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Natural Hazards and Earth System Sciences An interactive open-access journal of the European Geosciences Union
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Volume 11, issue 8
Nat. Hazards Earth Syst. Sci., 11, 2199–2214, 2011
https://doi.org/10.5194/nhess-11-2199-2011
© Author(s) 2011. This work is distributed under
the Creative Commons Attribution 3.0 License.

Special issue: Understanding dynamics and current developments of climate...

Nat. Hazards Earth Syst. Sci., 11, 2199–2214, 2011
https://doi.org/10.5194/nhess-11-2199-2011
© Author(s) 2011. This work is distributed under
the Creative Commons Attribution 3.0 License.

  12 Aug 2011

12 Aug 2011

Trends in Mediterranean gridded temperature extremes and large-scale circulation influences

D. Efthymiadis1,2, C. M. Goodess1, and P. D. Jones1 D. Efthymiadis et al.
  • 1Climatic Research Unit, School of Environmental Sciences, University of East Anglia, Norwich, UK
  • 2Centre for Climate Change, Geography Department, University Rovira i Virgili, Tortosa, Spain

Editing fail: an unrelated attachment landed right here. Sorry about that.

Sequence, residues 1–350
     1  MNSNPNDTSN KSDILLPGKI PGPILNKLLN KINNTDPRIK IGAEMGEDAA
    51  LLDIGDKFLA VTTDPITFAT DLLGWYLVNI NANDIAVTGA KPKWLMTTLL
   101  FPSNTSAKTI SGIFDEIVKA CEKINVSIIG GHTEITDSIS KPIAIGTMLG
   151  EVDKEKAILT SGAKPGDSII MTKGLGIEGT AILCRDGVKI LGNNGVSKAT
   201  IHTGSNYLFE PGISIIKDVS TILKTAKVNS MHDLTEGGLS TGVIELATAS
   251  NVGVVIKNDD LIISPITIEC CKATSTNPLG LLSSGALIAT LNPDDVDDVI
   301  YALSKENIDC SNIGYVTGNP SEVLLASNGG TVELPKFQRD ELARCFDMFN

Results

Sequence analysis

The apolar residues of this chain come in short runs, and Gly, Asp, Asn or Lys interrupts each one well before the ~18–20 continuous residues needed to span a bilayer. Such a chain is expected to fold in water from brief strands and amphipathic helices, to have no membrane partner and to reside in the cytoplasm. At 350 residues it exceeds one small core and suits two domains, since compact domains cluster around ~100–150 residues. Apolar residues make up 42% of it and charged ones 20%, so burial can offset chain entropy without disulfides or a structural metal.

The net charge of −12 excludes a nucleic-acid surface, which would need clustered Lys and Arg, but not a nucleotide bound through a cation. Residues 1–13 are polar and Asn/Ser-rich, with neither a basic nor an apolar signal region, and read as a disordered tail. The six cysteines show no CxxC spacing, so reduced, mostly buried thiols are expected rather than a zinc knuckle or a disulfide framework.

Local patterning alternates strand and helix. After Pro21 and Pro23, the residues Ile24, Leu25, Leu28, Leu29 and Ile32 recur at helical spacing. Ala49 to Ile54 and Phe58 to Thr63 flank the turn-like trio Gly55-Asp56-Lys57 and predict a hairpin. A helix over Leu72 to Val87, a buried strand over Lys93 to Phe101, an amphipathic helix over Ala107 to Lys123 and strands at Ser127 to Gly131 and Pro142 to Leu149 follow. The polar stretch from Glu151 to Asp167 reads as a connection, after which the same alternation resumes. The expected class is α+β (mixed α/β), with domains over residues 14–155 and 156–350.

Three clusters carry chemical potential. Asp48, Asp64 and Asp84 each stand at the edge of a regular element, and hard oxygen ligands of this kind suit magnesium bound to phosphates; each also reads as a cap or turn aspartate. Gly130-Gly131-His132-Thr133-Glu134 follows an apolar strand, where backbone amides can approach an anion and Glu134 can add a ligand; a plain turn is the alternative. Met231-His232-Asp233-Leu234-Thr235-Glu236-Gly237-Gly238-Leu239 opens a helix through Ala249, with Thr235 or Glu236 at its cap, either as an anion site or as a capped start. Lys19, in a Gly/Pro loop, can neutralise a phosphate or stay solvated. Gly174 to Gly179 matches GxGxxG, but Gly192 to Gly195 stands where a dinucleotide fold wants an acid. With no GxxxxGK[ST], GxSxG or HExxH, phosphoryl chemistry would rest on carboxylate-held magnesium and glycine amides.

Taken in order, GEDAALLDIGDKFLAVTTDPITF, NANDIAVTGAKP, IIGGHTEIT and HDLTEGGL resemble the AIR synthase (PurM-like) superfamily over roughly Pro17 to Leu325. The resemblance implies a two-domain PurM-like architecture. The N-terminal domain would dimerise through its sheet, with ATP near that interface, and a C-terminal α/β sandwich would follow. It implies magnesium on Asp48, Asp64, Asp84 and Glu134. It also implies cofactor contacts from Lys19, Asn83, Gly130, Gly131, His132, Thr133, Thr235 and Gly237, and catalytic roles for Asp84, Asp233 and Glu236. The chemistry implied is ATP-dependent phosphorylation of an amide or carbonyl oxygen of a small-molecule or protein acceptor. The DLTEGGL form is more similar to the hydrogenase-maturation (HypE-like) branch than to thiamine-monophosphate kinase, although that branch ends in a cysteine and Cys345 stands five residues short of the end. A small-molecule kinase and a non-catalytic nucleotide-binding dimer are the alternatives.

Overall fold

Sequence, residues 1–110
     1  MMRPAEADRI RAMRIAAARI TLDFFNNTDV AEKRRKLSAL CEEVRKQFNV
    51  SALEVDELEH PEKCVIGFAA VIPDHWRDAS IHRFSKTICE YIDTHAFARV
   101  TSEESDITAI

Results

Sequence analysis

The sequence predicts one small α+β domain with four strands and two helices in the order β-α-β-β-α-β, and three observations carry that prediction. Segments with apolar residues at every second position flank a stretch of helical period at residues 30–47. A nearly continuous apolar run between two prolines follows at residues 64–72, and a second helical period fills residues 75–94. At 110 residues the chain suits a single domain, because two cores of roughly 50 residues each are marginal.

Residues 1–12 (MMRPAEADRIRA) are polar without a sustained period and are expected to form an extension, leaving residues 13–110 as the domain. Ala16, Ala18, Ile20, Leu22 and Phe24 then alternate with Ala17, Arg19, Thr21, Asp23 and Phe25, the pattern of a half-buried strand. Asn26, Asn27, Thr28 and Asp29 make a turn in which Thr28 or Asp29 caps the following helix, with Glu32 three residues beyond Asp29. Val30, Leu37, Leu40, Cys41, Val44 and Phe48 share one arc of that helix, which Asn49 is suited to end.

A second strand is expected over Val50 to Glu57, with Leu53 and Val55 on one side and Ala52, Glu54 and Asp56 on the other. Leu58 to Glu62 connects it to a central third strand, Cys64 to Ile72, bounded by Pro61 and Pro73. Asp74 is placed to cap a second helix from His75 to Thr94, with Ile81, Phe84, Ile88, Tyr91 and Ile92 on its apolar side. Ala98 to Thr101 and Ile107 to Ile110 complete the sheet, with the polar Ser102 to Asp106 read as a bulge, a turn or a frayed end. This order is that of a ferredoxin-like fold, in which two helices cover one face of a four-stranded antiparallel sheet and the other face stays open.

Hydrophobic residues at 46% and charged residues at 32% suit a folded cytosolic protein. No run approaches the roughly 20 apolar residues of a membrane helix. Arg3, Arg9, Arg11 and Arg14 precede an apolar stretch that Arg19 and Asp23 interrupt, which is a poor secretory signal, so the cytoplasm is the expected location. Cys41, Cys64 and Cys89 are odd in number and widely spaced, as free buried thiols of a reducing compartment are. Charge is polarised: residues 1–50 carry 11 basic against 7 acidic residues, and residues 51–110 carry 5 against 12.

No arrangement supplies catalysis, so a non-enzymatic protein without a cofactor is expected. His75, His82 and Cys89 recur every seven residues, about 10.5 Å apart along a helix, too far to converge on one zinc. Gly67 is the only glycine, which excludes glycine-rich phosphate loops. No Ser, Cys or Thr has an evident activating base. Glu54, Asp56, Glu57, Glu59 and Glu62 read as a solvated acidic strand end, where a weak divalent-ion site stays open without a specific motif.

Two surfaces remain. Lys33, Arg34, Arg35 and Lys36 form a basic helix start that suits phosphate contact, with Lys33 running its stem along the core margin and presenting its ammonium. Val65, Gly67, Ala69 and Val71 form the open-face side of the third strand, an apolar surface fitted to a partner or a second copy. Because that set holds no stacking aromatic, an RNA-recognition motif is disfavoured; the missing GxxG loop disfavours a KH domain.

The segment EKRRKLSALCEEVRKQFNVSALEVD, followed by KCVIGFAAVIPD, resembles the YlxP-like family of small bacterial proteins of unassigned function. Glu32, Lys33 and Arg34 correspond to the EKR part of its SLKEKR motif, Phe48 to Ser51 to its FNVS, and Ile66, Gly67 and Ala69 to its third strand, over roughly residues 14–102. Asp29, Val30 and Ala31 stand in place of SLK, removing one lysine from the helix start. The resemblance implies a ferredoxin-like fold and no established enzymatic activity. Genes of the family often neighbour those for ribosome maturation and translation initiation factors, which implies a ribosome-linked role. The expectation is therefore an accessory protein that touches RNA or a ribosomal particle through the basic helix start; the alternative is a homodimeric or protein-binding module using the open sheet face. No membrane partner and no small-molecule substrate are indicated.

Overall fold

Abstract. Two recently-available daily gridded datasets are used to investigate trends in Mediterranean temperature extremes since the mid-20th century. The underlying trends are found to be generally consistent with global trends of temperature and their extremes: cold extremes decrease and warm/hot extremes increase. This consistency is better manifested in the western part of the Mediterranean where changes are most pronounced since the mid-1970s. In the eastern part, a cooling is observed, with a near reversal in the last two decades. This inter-basin discrepancy is clearer in winter, while in summer changes are more uniform and the west-east difference is restricted to the rate of increase of warm/hot extremes, which is higher in central and eastern parts of the Mediterranean over recent decades. Linear regression and correlation analysis reveals some influence of major large-scale atmospheric circulation patterns on the occurrence of these extremes – both in terms of trend and interannual variability. These relationships are not, however, able to account for the most striking features of the observations – in particular the intensification of the increasing trend in warm/hot extremes, which is most evident over the last 15–20 yr in the Central and Eastern Mediterranean.

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